The legislation was passed by lawmakers in January. It prohibits instruction that members of one race are automatically racist and should feel guilty for past actions by other races. It also prohibits the idea that meritocracy or discrimination are acceptable in order to achieve diversity.
DeSantis stated that "We believe education is better than indoctrination" during Friday's South Florida bill signing.
DeSantis stated that Florida students won't be subject to oppressive ideologies. The bill provides "substantive safeguards" for students in grades K-12. DeSantis stated that "pernicious ideologies will not be permitted."
DeSantis stated, "We won't use your tax dollars for teaching our children to hate this country or to hate each other."
Opponents claim that DeSantis isn't clear on what critical race theory means, and they argue that his motivations are to suppress accurate Black history.
"It's only illustrating Gov. DeSantis's pattern of Black attack policies enacted by Republican legislators. He has turned a culture war on a traditional Republican battlefield, the public schools. It will hurt our children's tomorrows," said Angie Nixon, a Democratic Representative from Black. "CRT is not taught here in public schools in K-12 education."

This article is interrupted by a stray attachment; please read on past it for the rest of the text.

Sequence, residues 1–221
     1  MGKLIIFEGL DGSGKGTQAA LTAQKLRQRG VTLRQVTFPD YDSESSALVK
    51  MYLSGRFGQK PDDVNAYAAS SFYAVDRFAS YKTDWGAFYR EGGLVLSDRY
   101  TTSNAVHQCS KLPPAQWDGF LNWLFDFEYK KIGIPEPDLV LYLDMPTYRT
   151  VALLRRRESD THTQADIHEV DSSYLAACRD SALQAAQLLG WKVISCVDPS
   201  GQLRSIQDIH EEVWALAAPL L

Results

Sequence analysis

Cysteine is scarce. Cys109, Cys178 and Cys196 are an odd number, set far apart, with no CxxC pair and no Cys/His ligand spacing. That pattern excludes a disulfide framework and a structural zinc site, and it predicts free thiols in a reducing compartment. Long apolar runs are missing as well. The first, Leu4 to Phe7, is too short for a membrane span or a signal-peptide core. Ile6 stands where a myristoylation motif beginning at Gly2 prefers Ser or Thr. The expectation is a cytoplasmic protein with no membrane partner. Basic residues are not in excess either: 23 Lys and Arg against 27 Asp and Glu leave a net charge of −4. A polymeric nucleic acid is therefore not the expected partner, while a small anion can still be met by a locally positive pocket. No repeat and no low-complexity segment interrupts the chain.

DeSantis' emphasis on culture war issuesinvolving gender and race has made him a popular Republican politician and likely 2024 presidential candidate.
Critical Race Theory is based on the belief that racism is a systemic problem in U.S. institutions, and that these institutions function to perpetuate the dominance of white people within society. Although some of its ideas have been included in teaching materials, there is not much evidence that critical-race theory is being taught to students in K-12 public schools.
Florida's black lawmakers have stated that they fear the legislation will chill African American history education. Teachers will be threatened with lawsuits if parents don't approve of how subjects such as slavery, segregation and racism are presented to students.
"The governor is on a bogeyman tour to issues that aren't issues," said Democratic Senator Shevrin, a Black, in an interview. "The Republicans continue to cloak themselves as freedom, but clearly choose and select which freedoms they support and for whom. They don't support Black freedoms.
The new law expands language in state law to require classroom instruction on "the implications of prejudice, racism, and stereotyping on individual liberties", as well as studying the history of slavery and segregation, as well as contributions of Blacks in U.S. History. However, such material cannot be used to "indoctrinate and persuade students towards a particular view" that is not allowed by law.
"What are you supposed to do? Let these ideologies take over our entire education system?" DeSantis asked at a campaign-style event Friday to endorse the bill in Hialeah, South Florida. The crowd replied, "Noooo."
"This ideology was taking root in a lot elite institutions, such as the media, corporate America and the bureaucracy. It also affects the education establishment. DeSantis stated that most Americans do not want to have anything to do "with this stuff."